Six U.S. policies informed by science

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Most federal policies incorporate a mix of law, facts and the best judgment of those calling the shots. Some are also required to take into account the latest science. Here are six policies and programs that are rooted in science and that some experts say could change under President Trump.

~ Justin Worland (@JustinWorland)

Pandemic Response

In the next global pandemic, which experts agree is a question of “when” and not “if” the directors of the CDC and NIH will be responsible for leading a coordinated response that relies on cutting-edge research, public-health policy and cooperative international relations. Public-health experts have questioned how Trump would respond to pandemics, citing his past comments questioning the advice of CDC and government scientists.

Endangered Species Act

The 1973 law protects land inhabited by endangered species regardless of economic considerations.
Some Republicans in Congress have called for an overhaul of the law, and Trump’s choice to run the Department of the Interior, which implements the law, has supported such a move in the past.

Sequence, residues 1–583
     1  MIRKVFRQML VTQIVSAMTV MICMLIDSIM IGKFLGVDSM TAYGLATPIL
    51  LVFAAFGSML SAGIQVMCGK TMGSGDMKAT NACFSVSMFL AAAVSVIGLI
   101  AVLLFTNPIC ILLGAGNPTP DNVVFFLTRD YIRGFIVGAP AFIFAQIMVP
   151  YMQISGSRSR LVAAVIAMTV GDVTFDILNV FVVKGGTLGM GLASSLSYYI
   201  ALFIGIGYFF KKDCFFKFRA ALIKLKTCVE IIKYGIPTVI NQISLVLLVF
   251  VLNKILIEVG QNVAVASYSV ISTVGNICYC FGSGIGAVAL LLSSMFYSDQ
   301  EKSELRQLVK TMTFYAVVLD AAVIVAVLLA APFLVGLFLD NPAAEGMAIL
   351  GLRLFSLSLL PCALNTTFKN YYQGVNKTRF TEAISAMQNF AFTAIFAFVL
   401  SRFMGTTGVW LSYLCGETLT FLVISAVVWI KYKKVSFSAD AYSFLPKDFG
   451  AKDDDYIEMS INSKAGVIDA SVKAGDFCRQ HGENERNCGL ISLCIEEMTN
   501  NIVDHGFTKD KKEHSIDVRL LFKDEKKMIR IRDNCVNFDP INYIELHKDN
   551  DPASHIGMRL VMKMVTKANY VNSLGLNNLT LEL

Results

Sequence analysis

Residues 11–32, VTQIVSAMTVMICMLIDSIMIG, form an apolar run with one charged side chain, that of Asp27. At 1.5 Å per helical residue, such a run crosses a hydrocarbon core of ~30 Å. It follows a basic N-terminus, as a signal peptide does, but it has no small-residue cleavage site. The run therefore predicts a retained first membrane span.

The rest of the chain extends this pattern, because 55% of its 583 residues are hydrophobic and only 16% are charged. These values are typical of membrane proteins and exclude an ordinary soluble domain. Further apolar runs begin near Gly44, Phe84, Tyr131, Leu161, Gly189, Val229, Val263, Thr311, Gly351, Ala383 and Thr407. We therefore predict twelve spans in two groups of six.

Protected Waterways

The EPA determined the waterways that have a significant effect on water quality downstream and set restrictions to safeguard them in 2015. The rule drew ire from Republicans who said it would hamper business, and Trump repeatedly promised on the campaign trail to undo the measure.

Vaccine Programs

An advisory body at the Centers for Disease Control and Prevention (CDC) appointed by the Health and Human Services chief—issues immunization recommendations for the entire country using the best available science. Some experts worry that those guidelines could change under Trump, who has linked vaccines to autism and met with anti-vaccine advocates, including Robert Kennedy Jr. and Andrew Wakefield, before taking office.

Carbon Emissions

The controversial Clean Power Plan, which regulates carbon dioxide emissions from power plants, was the centerpiece of President Barack Obama’s climate-change agenda. It followed an extensive EPA study that concluded that greenhouse gases threaten human health. Trump officials have begun discussions about how to eliminate the rule, including whether or not they can reverse the EPA’s scientific conclusion—known as an endangerment finding— that linked carbon emissions to health problems.

Fuel-Economy Standard

The Department of Transportation and the EPA use a data-driven approach to set fuel-economy standards for consumer vehicles— which affect how much people pay to fill up their tanks. The formula takes into account a variety of goals, including energy independence, vehicle safety and reduction of environmental impact. The Trump transition team promised to review the policy, noting that its creators did not intend for it to be used to combat global warming.

Time – Asia, 13 February 2017

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